Biodiversity: It’s Not Just about Pandas and Polar Bears

September 13, 2011 | 4:00 pm
Doug Gurian-Sherman
Former contributor

As I slogged into my garden, soaked by recent tropical storms and hurricane Irene, and pushed back the leaves of my zucchini plants, the wild bumblebee emerging from one of the flowers reminded me that I wasn’t doing all of the work in this plot of vegetables.

Bumble bee in squash flower. Photo by Kori Matiessa

About 30 percent of our crops, such as those in the squash family like cucumbers, melons, and my zucchinis, depend on pollinators—part of our unnoticed biodiversity—to produce food.

That got me thinking about three surprising recent examples of the importance of biodiversity to our well-being. Biodiversity, in its most simple definition, is the types and abundance of living things on our planet or in our backyards.  We tend to identify with the big and fuzzy creatures that represent a small fraction of that biodiversity—the endangered polar bears, pandas and tigers that capture our imaginations. But the less noticeable species all around us make our lives better in innumerable ways.

Bees, bugs and money

Wild bees, for example, are important for their role in crop pollination, and may become more so if we can’t reverse problems that are decimating domestic honeybees raised by beekeepers.  A recent study estimated that in California alone, wild bees are responsible for providing up to $2.4 billion worth of food products per year. A good reason for the saying, “busy as a bee!” Alfalfa, our fourth biggest crop, and critical as feed for dairy cows (think of hay), depends heavily on wild leafcutter bees for pollination in many parts of the country.

Wild bees have to come from somewhere. There must be habitat not poisoned by insecticides, and with various kinds of plants that allow them to flourish so they can do their thing for our crops. Landscapes of uninterrupted, seemingly endless rows of crops found in many parts of the country provide less habitat for wild bees, or the many other beneficial insects that make farming possible in the long run. (for more about pollinators, check out the Xerces Society)

Bigger farm fields, with fewer natural areas, leads to more insecticide use

Biodiversity is important on farms for more than crop pollination. Recent work by scientists at the University of Wisconsin and Michigan State University strongly suggest that much greater amounts of insecticide are needed to control pest insects when there is less natural habitat, such as woodlots and fields, near farms.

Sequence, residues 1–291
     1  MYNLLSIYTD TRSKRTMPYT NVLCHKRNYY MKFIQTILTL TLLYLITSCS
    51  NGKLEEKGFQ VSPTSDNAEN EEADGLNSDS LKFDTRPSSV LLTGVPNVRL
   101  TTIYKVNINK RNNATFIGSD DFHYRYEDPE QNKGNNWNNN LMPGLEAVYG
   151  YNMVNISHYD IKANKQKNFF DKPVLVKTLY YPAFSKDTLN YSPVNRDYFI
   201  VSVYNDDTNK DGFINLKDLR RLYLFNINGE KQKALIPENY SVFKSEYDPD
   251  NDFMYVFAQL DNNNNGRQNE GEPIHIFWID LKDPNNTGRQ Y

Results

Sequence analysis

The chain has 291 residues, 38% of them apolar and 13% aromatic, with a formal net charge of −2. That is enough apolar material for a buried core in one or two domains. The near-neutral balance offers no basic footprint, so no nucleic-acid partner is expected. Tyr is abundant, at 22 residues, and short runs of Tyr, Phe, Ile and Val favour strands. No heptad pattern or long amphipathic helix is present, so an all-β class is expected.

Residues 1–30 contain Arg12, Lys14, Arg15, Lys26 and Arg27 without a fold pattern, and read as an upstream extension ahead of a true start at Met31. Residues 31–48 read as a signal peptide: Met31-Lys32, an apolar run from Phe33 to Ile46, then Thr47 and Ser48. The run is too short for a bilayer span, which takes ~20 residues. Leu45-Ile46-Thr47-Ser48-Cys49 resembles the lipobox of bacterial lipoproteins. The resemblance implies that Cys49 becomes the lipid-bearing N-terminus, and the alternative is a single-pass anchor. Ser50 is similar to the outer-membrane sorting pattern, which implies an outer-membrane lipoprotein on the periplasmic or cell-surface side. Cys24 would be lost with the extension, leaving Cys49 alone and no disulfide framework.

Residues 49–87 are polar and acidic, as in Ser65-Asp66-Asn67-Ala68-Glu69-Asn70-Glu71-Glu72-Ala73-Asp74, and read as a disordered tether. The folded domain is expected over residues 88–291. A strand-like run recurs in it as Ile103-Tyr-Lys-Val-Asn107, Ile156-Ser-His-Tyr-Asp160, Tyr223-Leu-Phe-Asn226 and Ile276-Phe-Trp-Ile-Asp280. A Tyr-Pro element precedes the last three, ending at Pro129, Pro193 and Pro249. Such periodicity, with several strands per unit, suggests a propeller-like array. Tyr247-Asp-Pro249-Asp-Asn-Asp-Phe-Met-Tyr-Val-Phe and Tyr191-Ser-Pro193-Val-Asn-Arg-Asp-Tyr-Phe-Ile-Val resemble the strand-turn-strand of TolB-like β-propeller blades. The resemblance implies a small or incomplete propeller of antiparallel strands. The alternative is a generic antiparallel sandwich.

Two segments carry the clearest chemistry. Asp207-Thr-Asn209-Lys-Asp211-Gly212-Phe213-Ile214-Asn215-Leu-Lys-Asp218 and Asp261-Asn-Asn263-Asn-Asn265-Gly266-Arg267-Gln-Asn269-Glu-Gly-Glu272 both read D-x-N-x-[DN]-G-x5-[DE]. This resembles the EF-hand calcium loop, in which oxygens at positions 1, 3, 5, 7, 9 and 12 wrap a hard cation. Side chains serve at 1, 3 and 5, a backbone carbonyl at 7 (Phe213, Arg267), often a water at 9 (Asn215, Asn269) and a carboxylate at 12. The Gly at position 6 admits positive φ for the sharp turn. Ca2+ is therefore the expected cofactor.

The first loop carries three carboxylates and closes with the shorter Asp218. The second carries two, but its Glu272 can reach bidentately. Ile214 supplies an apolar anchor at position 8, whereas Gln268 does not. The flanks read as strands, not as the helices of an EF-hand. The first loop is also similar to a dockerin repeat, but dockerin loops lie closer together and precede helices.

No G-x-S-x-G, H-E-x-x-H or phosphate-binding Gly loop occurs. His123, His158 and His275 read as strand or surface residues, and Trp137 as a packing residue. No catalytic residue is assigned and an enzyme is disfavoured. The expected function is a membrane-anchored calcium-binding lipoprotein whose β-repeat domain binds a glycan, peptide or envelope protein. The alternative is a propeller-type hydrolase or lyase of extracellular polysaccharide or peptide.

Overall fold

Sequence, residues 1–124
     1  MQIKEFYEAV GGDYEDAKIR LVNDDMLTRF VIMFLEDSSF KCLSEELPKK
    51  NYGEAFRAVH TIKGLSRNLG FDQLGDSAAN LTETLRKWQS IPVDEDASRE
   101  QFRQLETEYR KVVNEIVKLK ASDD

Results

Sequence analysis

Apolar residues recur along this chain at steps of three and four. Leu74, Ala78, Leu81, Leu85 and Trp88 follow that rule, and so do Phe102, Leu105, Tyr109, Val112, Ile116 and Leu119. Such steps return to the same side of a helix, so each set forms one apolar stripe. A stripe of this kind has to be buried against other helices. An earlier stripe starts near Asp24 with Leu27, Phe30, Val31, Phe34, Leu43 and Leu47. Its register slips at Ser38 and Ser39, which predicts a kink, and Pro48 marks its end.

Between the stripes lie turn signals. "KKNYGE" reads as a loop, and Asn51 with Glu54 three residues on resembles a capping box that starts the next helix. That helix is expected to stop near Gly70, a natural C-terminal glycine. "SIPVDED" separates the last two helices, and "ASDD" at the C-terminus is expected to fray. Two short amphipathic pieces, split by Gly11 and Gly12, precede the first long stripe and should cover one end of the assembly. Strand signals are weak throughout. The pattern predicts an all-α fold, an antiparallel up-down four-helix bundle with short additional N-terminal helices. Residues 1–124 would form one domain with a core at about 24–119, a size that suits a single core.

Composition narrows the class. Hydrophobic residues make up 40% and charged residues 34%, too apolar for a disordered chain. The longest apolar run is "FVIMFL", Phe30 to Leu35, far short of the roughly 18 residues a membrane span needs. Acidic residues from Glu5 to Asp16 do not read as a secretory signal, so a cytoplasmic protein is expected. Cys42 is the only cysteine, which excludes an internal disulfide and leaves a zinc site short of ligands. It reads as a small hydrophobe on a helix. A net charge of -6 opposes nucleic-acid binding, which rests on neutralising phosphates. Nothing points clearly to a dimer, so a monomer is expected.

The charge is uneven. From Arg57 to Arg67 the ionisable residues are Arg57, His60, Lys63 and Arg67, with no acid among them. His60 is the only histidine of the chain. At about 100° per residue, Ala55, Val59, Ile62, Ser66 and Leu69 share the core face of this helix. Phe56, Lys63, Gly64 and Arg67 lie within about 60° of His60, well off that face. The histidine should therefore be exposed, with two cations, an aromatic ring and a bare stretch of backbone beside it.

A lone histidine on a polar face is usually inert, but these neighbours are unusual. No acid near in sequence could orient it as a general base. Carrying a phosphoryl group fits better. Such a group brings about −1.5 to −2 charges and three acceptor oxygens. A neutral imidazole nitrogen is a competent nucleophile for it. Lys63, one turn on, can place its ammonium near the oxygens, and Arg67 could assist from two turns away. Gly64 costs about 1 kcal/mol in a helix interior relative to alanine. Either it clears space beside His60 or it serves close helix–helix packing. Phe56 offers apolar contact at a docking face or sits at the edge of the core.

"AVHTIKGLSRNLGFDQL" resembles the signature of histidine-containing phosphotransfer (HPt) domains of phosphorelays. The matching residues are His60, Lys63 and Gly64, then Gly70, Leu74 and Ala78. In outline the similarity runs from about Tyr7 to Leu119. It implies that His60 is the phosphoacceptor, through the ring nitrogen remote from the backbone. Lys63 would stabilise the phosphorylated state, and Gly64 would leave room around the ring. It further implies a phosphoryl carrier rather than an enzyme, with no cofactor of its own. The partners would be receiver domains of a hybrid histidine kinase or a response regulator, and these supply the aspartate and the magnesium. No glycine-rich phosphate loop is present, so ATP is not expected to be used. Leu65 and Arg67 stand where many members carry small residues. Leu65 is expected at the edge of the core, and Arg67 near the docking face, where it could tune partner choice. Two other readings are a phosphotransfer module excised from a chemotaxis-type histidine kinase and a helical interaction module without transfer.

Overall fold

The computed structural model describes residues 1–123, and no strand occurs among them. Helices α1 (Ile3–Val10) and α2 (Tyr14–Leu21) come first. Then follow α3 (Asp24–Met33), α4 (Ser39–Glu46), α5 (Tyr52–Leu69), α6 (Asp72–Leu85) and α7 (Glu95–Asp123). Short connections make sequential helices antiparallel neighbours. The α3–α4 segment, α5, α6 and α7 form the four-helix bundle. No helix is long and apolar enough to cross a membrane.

Ladybeetles (AKA ladybugs), ground beetles, lacewings, bats, birds, and many other creatures flourish in natural areas and greatly reduce harm to our crops. The added insecticide needed to compensate for the work of beneficial organisms in just the seven Midwestern states studied in this research was estimated to be valued at between $34 million and $103 million in 2007.

The increased amount of insecticide needed in those seven states would cover an area the size of Connecticut, about 5,400 square miles.

Our current industrial Midwestern farming systems that consist of huge crop fields and little natural habitat require more insecticide, costing more, and increasing risk to people and the environment, than farms in more diverse habitats.

And let’s not forget the butterflies

Reducing diversity within crop fields also can reduce the number of desirable animals. Genetic engineering, one of the major ways proposed to make agriculture more sustainable, has done nothing to alter the monotonous, industrial agricultural landscape, and in some ways may be exacerbating these problems. Chemical insecticide use is somewhat lower on some biotech crops compared to what it would be without those genes (but this does not take into account the increased insecticide use in the less-diverse landscapes that biotech crops encourage). On the other hand, the greatly increased amount of herbicide on these crops more than compensates for the reduction in insecticides.

Some have argued that the additional herbicide is relatively benign. But several recent studies remind us that it’s not so simple.

It turns out that the herbicide used on most genetically engineered crops, Monsanto’s Roundup (generically, glyphosate) is particularly good at killing milkweed—the only source of food for monarch butterfly larvae—in and around crop fields.

The replacement of other herbicides by Roundup used on GE crops has resulted in the loss of much of the milkweed in corn-belt states.  Monarchs cross these states on their yearly migration to and from Mexico, and another study suggests that the loss of milkweed may be one factor contributing to possible declines in monarch populations. It is not settled yet whether the loss of milkweed is having a substantial impact on the monarchs, though those most familiar with monarch biology suspect it is.

As I have argued elsewhere, we need a new, more diverse agriculture to reverse problems that go way beyond pesticide use. Piecemeal solutions, including genetic engineering, that do not address the bigger structural problems inherent in our agricultural system only tinker around the edges.